10 September 2010

Advice for Engineering Students [not so humble]

I am an electrical engineering student at the University of South Florida.  I am also a husband, a father, and an employee of an engineering firm.

Here is some advice from me, take it for what it is:

-put the time in!  You are not a genius (neither am I), otherwise, you wouldn't be reading this post and I wouldn't be sharing it.  Too often, I see my classmates wondering why they don't pass (even me, once).  If you don't spend time with the material, you won't master it.  Period.

-share information.  Half the battle of getting through is knowing what to expect.

-save your math and science books and notes --you WILL need them

-save your "technical" English textbooks, too --you will need them SOMEDAY

-make sure that you have an innate curiosity about how things work; better yet, make sure that you have a desire to KNOW how things work

-be organized

-manage your time wisely; that's right when all of your friends are going out and having a good time, your ass better be at "home" studying

-consult with other engineering students about a proper course sequence; you may have the pre-requisite satisfied but there might be a lot of concepts you won't get

-USE THE TA; that's what they are there for, abuse the hell out of them

-join an engineering club; even if you don't participate at least you will have the opportunity if something strikes your fancy (if you don't join, you won't know what's going on)

-get a white board to work something out if you are having problems

-throw your graphing calculator away, you don't need it anymore

[this post is linked to reddit and my page views have gone through the roof!  thanks for that!  but then I read the comments and some are complaining about this statement.  well, I am sticking to it.  your graphing calculator is a crutch.  I was never allowed to use one on an exam after the pre-reqs for my major.  honestly, I feel a lot better about my school now that I know a lot of other schools do allow them.  on a more serious note, if you are going to be a serious engineer, I don't think you need your TI-8X.  there are myriad other tools that are much easier to use and integrate well with tools that are freely available (e.g. Octave, Open Office, Wolfram-Alpha, Python).  however, if you are so stuck on your graphing calculator then you are just proving my point.]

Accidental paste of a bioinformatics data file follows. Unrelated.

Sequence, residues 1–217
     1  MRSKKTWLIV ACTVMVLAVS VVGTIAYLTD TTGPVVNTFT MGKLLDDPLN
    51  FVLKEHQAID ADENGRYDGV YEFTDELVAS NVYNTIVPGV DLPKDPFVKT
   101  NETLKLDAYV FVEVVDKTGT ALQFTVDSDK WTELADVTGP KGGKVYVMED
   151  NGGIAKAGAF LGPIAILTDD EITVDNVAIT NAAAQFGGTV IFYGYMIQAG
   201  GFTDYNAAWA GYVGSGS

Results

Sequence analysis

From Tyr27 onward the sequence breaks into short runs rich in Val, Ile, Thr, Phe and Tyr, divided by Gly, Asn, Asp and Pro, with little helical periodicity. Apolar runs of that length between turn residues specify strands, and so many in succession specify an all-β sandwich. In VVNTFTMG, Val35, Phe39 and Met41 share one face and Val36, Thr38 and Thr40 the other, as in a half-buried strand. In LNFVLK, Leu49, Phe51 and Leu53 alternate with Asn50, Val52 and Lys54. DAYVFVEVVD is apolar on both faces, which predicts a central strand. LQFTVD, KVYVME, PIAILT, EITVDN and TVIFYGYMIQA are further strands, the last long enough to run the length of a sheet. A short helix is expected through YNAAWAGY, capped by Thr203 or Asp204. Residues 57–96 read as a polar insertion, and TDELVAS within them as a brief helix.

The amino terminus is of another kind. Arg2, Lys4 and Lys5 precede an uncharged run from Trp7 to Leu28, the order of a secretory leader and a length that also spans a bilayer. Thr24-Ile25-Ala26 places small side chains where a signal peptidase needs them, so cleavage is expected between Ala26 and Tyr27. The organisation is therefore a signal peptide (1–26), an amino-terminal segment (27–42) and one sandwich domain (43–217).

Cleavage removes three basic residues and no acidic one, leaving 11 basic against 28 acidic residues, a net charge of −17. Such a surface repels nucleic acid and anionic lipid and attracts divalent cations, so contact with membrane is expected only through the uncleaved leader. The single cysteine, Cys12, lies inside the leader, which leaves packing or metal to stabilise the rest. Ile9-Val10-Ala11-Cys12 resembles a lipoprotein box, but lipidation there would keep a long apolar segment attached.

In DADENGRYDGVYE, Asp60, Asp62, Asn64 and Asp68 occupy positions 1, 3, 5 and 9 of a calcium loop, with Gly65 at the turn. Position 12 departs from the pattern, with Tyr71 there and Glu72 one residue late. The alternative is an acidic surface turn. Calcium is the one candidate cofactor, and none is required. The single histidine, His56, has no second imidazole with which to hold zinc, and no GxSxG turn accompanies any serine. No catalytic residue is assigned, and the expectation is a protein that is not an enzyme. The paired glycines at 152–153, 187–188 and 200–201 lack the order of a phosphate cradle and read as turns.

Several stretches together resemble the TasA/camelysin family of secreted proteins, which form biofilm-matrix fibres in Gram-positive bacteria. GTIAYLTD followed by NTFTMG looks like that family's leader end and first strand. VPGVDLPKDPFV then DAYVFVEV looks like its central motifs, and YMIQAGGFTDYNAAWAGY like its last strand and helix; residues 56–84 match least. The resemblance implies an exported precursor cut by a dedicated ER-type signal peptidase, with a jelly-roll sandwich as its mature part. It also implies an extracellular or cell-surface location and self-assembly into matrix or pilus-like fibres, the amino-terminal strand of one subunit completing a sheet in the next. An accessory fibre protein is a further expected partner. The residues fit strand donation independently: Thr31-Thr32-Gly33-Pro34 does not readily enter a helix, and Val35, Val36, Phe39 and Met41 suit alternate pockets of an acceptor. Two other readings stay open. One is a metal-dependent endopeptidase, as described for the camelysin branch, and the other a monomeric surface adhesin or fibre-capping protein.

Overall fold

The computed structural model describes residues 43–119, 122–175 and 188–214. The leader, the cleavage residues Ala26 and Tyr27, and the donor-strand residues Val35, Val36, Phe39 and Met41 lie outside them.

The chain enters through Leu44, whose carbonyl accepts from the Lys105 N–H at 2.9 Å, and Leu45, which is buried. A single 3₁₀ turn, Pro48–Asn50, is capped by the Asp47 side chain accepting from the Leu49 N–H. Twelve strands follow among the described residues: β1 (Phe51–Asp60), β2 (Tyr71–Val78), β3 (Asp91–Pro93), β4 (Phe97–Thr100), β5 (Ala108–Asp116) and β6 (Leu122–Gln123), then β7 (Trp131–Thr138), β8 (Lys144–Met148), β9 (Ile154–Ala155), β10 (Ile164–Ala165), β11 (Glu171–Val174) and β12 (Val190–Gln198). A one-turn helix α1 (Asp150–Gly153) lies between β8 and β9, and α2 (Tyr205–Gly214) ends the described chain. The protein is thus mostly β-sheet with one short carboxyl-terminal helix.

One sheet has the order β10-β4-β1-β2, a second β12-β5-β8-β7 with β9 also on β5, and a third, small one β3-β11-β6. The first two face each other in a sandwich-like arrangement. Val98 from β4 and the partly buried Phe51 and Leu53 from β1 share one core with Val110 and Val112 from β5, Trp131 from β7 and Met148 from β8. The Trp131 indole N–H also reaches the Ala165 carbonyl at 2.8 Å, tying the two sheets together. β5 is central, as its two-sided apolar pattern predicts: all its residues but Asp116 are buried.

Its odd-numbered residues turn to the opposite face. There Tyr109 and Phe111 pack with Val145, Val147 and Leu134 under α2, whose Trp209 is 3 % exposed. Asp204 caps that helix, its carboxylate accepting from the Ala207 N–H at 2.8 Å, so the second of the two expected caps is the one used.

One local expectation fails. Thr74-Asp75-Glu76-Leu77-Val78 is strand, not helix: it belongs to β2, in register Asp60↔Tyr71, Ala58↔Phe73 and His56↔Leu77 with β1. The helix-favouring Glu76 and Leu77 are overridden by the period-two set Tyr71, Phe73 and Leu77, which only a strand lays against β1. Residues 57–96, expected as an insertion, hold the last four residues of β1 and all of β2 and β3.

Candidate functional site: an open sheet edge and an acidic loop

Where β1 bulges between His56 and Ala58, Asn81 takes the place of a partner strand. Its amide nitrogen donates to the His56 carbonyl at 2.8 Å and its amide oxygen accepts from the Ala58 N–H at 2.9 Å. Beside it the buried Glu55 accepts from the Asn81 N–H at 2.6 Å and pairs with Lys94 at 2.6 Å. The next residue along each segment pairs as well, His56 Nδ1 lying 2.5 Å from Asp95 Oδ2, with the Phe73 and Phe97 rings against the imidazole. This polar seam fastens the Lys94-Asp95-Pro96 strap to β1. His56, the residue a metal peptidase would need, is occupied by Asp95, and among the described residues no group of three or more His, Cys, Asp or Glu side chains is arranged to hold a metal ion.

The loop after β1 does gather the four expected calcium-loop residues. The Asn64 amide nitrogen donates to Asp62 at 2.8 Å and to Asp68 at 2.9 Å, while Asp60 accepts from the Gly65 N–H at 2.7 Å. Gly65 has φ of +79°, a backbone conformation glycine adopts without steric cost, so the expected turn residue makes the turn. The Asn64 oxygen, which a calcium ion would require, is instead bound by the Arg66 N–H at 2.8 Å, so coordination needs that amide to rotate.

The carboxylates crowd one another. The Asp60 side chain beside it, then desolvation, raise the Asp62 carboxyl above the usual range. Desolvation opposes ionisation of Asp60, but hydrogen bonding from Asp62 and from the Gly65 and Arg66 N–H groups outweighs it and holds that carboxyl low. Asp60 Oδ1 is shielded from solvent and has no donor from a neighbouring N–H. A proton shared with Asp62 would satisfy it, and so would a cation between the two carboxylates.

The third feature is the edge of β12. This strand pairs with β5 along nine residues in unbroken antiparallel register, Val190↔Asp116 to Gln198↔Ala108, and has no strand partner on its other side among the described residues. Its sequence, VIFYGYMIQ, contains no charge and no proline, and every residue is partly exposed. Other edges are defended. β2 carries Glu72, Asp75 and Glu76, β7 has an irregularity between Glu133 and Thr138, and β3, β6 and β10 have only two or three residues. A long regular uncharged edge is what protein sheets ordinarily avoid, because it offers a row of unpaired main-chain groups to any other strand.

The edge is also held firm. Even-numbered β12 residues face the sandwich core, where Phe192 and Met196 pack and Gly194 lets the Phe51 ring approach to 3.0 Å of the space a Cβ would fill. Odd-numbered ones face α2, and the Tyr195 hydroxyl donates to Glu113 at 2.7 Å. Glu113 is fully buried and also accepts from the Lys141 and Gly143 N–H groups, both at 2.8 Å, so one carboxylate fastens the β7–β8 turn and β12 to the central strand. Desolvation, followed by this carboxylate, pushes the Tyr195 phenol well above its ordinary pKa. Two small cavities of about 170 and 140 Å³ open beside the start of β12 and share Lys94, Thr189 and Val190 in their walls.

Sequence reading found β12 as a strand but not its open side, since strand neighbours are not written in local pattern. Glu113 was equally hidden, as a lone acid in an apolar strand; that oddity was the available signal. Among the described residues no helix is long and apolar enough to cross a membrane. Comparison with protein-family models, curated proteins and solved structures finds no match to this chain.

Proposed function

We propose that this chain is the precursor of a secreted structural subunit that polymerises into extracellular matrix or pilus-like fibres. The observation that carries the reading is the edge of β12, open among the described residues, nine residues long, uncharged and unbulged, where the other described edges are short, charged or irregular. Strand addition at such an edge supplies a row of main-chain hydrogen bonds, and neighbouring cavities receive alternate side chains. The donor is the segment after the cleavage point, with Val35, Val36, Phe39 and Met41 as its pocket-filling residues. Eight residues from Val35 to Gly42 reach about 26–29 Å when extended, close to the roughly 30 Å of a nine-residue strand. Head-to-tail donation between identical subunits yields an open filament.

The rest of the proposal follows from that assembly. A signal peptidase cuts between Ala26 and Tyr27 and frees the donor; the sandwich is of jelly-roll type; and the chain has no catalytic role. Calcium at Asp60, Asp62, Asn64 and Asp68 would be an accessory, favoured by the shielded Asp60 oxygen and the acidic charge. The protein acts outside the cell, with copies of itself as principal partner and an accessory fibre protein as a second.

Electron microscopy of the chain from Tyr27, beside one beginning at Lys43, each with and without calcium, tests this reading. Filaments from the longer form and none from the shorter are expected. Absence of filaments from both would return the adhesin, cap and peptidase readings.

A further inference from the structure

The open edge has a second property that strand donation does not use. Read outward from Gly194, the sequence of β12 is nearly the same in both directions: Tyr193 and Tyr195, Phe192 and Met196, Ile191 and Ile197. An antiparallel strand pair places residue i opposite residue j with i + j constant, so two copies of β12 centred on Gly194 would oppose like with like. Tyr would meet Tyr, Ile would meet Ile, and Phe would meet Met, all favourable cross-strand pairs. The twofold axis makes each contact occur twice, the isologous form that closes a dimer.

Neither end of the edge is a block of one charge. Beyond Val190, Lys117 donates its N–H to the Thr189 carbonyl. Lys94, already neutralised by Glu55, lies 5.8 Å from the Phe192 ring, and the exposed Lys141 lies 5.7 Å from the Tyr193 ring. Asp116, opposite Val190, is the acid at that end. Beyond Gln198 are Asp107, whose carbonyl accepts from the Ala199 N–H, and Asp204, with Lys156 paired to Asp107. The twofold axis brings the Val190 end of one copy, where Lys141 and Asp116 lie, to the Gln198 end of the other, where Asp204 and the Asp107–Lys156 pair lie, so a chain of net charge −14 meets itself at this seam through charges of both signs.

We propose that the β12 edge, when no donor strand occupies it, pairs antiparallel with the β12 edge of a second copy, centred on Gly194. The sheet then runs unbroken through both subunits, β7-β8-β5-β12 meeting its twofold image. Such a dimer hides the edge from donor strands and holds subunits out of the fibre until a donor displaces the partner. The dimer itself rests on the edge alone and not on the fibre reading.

-pay attention in your programming class; many engineering students are under the impression that all they will be doing is crunching numbers and drawing things all day -- no, you will most likely be punching code into a computer -- get used to it

-examine your professors on a rating website (e.g. ratemyprofessor.com); there could be a lot of useful information there

-READ and understand the syllabus; it's the prof's contract with you

-take online classes if you can; it gives you the freedom to use your time the way you see fit -- what's your time worth?

[you can always go to class too and have access to the lectures while you are working out the material]

-work on developing your approach to solving a problem.  If something doesn't seem correct while your working a problem or your results are ridiculous, go back and evaluate where you could have made a mistake or start all over.  More often than not, you are graded on your approach, not necessarily the correct answer.  When you land that engineering job, you don't really "know" what the correct answer is.  However, you will have to know where to start and what method to use to solve that problem.

-when working problems, use one side of the paper and layout all of the sheets in front of you as you go along.  This helps with the previous statement.

-[electrical engineering] by the time you get to the point that you are designing your own circuits, think about the values of the resistors you use.  Try to keep your resistor values in the kilo-Ohm range.  Most of the time, this is easy to do because there is some other component that you can scale to make your resistor value larger.  I say this because, often, when you are working with active devices, they require a decent size bias point.  Because of this, when you use a small resistance (especially in parallel with a larger resistance), you will short circuit with the small resistor (e.g. instead of 20 ohm and 50 ohm, try 2k and 5k).

-when you get your interview, try to work in topics that you are very excited about.  It's much easier to talk about something you are passionate about and that makes your personality shine through.

-more to follow...    

1 comment:

Anonymous said...

Sweet buns.